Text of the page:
The French Religious Wars generated a large body of political propaganda from the Huguenots, the Politiques (a Huguenot-Catholic confederacy) and the Catholic League.
Dr Parmelee discusses how, in the last decades of the reign of Elizabeth I some 130 translated documents were imported into England, most of them - originating from the Politiques, written in support of the Protestant Henry of Navarre's accession to the French throne -advocating religious tolerance as a way to peace.
She argues that while most English political thinkers did not openly embrace or articulate the absolutist ideas often expressed in these writings, they had a wide impact on political discourse in the late Elizabethan period.
They were useful against foreign enemies, Catholic recusants and Presbyterians, but particularly, in a time of fear of civil war engendered by an unsettled succession, they helped to establish an intellectual climate conducive to the later development of Stuart absolutism.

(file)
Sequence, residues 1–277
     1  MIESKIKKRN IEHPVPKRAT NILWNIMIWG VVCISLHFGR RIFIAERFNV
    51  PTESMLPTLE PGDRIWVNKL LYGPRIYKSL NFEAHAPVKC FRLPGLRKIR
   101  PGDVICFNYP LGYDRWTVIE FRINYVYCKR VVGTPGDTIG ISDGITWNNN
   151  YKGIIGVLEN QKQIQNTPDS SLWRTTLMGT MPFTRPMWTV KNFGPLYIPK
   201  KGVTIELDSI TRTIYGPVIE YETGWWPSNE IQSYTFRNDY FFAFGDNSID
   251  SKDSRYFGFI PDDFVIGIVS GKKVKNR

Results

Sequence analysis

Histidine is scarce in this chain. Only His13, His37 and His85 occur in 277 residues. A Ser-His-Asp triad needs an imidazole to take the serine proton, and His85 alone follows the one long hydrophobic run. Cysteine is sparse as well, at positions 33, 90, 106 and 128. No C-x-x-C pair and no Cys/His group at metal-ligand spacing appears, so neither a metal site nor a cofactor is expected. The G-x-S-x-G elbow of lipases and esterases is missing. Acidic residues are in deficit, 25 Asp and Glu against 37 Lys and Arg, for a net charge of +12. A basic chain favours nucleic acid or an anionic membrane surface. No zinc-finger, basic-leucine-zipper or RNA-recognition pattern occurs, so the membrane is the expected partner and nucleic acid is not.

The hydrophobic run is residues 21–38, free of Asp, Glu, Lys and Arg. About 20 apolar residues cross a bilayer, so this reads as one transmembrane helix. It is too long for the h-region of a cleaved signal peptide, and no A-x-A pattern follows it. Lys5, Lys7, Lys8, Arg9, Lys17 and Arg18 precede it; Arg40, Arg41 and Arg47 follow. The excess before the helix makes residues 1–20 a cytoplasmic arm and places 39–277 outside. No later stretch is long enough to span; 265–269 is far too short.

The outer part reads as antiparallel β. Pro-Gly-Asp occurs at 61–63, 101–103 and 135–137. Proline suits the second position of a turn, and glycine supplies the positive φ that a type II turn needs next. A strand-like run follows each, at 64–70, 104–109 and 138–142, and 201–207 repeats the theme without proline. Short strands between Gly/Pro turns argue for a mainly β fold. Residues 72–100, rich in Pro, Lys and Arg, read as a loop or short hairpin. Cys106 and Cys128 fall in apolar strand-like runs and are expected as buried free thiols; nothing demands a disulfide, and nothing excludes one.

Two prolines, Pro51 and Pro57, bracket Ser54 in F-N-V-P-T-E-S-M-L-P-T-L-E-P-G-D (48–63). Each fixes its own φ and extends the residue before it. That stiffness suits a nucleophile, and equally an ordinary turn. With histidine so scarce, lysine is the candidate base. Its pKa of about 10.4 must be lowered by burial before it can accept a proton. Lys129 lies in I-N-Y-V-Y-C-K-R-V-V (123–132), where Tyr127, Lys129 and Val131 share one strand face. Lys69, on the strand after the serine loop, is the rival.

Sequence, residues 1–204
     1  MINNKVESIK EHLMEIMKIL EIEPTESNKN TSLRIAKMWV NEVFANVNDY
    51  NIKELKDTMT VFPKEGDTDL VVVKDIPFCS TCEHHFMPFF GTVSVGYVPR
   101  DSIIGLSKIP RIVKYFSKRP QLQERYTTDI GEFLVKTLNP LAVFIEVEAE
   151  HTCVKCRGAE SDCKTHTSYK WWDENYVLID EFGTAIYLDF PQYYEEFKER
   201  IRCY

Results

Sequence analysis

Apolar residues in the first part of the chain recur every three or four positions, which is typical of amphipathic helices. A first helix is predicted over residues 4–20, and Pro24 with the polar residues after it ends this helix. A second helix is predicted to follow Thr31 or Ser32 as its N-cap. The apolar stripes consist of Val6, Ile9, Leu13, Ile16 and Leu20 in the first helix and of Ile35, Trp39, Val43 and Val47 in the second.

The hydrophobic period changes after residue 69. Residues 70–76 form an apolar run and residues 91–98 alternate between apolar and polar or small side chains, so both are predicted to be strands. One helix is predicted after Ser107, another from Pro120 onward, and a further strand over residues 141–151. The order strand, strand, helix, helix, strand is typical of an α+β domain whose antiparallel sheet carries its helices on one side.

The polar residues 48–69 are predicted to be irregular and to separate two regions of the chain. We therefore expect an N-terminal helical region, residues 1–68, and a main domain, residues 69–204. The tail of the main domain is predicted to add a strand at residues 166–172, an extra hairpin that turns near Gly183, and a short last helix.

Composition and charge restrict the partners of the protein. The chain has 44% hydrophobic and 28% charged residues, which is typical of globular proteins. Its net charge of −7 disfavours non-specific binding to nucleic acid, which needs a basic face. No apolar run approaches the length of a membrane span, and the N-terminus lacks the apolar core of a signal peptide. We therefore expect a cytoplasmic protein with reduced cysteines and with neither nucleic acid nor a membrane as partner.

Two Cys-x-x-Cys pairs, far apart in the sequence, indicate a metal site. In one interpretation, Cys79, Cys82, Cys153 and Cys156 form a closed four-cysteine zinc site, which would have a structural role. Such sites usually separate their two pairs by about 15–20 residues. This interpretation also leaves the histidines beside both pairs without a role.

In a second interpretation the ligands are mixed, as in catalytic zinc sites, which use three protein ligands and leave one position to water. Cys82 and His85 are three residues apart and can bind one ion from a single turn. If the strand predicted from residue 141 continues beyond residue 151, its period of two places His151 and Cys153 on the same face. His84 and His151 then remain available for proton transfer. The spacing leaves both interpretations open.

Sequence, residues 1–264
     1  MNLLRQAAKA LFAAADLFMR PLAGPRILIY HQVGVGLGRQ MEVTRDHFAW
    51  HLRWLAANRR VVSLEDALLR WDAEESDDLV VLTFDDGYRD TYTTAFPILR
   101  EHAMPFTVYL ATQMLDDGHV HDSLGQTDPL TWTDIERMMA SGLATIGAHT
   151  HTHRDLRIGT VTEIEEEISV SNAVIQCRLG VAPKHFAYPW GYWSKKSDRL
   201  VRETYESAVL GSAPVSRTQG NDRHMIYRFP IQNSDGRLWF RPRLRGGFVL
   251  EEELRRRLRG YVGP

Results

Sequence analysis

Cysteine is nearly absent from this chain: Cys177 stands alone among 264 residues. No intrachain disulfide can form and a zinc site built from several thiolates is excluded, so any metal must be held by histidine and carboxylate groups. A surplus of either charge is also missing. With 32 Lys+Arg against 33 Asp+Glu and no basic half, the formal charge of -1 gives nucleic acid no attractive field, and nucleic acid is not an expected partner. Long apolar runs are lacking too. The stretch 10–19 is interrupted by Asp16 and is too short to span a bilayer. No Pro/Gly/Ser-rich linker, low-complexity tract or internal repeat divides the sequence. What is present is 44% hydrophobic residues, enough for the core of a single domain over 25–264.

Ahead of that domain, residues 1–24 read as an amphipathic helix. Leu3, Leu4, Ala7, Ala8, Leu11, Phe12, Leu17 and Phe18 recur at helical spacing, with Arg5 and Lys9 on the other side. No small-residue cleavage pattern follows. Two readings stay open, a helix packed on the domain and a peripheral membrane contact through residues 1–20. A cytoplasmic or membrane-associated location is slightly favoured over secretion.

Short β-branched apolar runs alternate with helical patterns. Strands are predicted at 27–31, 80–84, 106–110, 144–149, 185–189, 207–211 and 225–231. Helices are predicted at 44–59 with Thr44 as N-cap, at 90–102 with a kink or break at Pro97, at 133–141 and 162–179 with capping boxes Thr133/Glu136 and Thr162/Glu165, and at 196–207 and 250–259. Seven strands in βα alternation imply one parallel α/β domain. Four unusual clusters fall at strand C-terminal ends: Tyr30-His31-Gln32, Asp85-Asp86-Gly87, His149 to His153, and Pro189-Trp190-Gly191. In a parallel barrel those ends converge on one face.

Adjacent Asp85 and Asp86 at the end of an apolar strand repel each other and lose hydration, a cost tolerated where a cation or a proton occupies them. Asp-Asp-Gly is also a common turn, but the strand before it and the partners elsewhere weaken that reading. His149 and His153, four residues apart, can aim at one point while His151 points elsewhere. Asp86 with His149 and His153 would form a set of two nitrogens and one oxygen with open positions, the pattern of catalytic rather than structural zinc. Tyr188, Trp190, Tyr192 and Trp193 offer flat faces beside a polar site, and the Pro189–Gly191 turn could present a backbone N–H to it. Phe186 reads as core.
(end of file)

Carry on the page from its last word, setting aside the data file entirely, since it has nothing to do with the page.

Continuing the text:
Dr LISA FERRARO PARMELEEteaches in the Department of History at Villanova University.
1DBKE England, 3JB c 1500 to c 1600, 3JD c 1600 to c 1700, HBJD1 British & Irish history, HBLH Early modern history: c 1450/1500 to c 1700, JFCX History of ideas, JPA Political science & theory, JPVN Propaganda